Burden of proof of fair practice to fall on employers

Employers advertising in the classified columns of The Lady or
male-orientated sports magazines could fall foul of changes to discrimination
laws that come into effect in 2005.

Another casualty of a tranche of legislation from Europe is likely to be the
‘old-boy network’ as restricting recruitment to internal candidates could break
the law.

Under the changes, the burden of proof for fair practice will shift to
employers. This will mean ensuring jobs are advertised in media likely to be
seen by both sexes and all races.

Recruiters could also find themselves in trouble if they ask for
qualifications only available in the UK.

Patricia Leighton, professor of European law at Glamorgan University and a
specialist in international and European employment law, said: "Unless an
employer can justify asking for UK qualifications, or qualifications in the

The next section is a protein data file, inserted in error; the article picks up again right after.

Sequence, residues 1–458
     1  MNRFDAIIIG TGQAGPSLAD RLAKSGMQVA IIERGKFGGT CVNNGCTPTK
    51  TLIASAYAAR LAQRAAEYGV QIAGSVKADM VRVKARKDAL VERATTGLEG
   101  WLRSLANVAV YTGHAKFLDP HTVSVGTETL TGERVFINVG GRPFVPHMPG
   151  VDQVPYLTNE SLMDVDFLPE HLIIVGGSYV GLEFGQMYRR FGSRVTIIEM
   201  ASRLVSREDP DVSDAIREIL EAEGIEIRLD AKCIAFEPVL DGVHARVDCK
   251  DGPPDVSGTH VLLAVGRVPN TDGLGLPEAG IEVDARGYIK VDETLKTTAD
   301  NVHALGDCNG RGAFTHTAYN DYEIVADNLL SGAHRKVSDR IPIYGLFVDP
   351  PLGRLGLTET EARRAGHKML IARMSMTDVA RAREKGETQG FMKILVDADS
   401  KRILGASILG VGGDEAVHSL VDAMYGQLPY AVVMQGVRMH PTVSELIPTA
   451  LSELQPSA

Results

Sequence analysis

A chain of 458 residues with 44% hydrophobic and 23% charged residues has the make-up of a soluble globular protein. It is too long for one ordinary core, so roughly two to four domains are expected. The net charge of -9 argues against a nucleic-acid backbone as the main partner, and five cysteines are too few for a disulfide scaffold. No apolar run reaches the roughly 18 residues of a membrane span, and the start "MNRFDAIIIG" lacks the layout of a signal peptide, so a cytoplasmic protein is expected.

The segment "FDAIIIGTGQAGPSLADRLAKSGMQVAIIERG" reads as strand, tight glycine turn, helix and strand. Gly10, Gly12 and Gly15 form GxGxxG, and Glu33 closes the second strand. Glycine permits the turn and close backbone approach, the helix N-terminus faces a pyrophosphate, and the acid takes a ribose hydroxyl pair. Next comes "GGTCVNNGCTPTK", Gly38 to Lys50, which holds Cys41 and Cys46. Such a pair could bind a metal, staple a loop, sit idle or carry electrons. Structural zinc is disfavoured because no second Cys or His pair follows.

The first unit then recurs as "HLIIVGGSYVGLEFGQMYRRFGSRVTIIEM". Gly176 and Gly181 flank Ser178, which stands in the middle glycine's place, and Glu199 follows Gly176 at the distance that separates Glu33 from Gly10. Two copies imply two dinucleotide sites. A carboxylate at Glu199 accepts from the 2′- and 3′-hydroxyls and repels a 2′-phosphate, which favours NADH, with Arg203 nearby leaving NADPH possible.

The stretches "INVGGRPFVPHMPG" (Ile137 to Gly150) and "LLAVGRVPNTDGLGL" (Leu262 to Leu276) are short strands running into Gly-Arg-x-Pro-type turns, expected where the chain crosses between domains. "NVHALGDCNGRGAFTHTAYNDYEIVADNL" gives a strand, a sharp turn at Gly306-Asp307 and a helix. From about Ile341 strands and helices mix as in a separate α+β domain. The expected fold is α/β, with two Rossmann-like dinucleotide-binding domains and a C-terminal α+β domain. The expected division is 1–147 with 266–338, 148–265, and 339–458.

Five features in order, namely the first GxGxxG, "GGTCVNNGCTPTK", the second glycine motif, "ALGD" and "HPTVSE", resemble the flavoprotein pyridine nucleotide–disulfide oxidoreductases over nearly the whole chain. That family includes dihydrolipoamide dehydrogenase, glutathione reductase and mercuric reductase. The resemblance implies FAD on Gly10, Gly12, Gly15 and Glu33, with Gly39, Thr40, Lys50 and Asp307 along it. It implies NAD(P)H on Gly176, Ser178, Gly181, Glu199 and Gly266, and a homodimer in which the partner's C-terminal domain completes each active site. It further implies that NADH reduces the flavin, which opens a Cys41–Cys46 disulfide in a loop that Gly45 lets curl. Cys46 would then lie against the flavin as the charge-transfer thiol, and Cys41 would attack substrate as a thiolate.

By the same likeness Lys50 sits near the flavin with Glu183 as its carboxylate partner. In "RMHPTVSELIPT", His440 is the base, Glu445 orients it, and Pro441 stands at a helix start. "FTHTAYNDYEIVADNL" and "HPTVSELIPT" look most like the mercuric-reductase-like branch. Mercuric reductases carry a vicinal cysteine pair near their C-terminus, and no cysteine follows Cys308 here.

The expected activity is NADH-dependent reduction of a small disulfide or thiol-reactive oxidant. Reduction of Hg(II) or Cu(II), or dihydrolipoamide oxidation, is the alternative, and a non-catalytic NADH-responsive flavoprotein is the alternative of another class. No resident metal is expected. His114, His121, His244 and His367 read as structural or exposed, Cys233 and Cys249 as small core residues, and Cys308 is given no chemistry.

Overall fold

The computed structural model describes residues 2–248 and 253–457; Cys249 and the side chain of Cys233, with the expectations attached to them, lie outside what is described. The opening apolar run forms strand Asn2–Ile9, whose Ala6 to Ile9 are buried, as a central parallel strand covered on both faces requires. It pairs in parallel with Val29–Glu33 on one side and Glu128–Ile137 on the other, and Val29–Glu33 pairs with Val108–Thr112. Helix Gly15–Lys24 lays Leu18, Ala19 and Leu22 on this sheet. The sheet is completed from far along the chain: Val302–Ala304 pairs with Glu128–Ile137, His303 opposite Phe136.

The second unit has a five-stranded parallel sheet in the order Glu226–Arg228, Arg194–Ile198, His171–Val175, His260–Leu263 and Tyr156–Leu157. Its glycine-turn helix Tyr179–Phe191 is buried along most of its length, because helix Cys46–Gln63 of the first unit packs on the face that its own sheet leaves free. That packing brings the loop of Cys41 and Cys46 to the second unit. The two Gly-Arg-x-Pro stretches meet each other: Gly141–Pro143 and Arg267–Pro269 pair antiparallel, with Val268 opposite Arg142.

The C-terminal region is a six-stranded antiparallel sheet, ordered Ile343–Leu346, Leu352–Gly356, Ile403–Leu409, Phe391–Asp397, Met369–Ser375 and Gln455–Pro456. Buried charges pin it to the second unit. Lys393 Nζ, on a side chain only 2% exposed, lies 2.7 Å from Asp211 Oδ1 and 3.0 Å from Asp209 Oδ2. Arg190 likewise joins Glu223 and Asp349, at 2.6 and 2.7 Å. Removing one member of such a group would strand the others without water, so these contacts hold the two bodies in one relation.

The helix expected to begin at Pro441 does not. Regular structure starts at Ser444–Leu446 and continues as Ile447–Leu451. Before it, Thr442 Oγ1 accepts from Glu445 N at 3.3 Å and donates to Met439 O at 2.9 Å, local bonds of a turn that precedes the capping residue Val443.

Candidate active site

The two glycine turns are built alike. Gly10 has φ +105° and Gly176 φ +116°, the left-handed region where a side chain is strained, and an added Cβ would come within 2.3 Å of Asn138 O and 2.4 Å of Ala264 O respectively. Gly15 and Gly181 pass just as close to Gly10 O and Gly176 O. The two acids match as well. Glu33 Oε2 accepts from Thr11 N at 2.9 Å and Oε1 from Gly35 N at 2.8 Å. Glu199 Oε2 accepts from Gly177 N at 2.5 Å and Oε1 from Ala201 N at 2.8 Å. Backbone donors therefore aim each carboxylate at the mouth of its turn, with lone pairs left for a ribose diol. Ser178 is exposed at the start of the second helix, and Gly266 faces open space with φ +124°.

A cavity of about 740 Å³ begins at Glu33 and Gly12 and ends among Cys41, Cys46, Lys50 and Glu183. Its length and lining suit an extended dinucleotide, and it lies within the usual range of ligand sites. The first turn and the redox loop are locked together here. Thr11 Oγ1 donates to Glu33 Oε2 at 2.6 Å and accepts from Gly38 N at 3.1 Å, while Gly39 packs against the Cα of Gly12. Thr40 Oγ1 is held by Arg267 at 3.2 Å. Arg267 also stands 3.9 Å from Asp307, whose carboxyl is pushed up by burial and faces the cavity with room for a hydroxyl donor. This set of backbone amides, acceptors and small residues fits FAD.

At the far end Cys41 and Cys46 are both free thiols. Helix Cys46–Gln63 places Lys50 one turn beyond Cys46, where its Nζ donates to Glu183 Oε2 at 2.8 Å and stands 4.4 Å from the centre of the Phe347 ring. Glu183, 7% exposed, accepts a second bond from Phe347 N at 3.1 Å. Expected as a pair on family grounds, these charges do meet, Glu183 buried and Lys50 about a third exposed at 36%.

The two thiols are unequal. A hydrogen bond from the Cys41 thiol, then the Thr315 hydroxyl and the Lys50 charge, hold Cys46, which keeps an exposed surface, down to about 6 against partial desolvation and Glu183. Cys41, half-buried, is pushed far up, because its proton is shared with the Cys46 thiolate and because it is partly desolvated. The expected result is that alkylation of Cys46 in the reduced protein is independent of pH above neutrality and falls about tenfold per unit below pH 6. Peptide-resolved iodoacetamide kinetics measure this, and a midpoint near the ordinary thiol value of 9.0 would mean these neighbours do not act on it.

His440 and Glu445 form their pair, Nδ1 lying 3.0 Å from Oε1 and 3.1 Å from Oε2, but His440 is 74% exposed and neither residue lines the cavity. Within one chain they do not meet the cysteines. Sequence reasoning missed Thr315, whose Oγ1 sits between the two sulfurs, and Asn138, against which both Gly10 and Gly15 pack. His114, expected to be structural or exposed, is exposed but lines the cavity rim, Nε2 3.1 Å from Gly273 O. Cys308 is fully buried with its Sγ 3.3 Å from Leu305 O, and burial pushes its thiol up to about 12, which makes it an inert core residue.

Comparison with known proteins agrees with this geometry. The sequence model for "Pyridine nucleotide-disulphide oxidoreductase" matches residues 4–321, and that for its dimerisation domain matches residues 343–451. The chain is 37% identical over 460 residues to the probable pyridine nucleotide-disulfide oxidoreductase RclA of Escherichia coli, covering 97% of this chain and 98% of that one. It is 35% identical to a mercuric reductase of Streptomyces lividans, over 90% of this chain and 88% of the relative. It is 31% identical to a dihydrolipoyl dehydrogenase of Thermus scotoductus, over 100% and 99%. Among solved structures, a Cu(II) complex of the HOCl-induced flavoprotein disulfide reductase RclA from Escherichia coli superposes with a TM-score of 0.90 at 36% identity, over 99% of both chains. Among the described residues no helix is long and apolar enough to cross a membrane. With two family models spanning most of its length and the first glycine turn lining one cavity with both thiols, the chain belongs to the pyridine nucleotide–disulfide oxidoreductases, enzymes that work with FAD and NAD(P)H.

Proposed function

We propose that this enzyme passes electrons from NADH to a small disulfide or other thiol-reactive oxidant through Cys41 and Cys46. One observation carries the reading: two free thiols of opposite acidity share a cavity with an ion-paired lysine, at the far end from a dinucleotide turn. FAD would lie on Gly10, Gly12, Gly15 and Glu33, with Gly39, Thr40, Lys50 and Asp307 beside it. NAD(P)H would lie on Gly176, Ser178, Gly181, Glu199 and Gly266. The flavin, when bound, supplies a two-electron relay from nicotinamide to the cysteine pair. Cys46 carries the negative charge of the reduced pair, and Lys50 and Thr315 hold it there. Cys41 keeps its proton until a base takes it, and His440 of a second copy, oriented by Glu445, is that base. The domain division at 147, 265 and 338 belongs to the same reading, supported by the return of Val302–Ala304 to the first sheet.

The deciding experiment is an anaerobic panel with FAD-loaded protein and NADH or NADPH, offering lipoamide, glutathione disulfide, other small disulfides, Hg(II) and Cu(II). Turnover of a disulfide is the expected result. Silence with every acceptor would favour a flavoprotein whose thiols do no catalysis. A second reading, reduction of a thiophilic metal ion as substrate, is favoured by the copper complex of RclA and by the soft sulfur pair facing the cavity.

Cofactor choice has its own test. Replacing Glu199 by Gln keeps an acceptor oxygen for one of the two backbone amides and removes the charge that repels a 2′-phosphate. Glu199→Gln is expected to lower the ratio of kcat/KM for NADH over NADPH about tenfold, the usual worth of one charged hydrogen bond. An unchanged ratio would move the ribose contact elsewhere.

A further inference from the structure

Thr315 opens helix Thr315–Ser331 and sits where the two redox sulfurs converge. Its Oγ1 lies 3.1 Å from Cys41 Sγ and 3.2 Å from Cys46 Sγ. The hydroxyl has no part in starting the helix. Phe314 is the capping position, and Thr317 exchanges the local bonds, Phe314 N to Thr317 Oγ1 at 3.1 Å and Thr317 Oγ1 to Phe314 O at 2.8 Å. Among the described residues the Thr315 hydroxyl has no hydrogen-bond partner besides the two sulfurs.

English language, because they are vital to the job concerned, they shouldn’t
specify them. And if they pay interview expenses to candidates based in the UK
they must also pay them to candidates based abroad."

Her warnings come in her book Recruiting within the Law, (co-authored with
Giles Proctor), which has been published by the Chartered Institute of
Personnel and Development.

"The overall requirement of the law is transparency in the recruitment
process," said Leighton. "It requires the decision-making process to
be open and fair.  The law is requiring
decisions to be based on the qualifications, skills and experience of
applicants, to the exclusion of background and personal characteristics."

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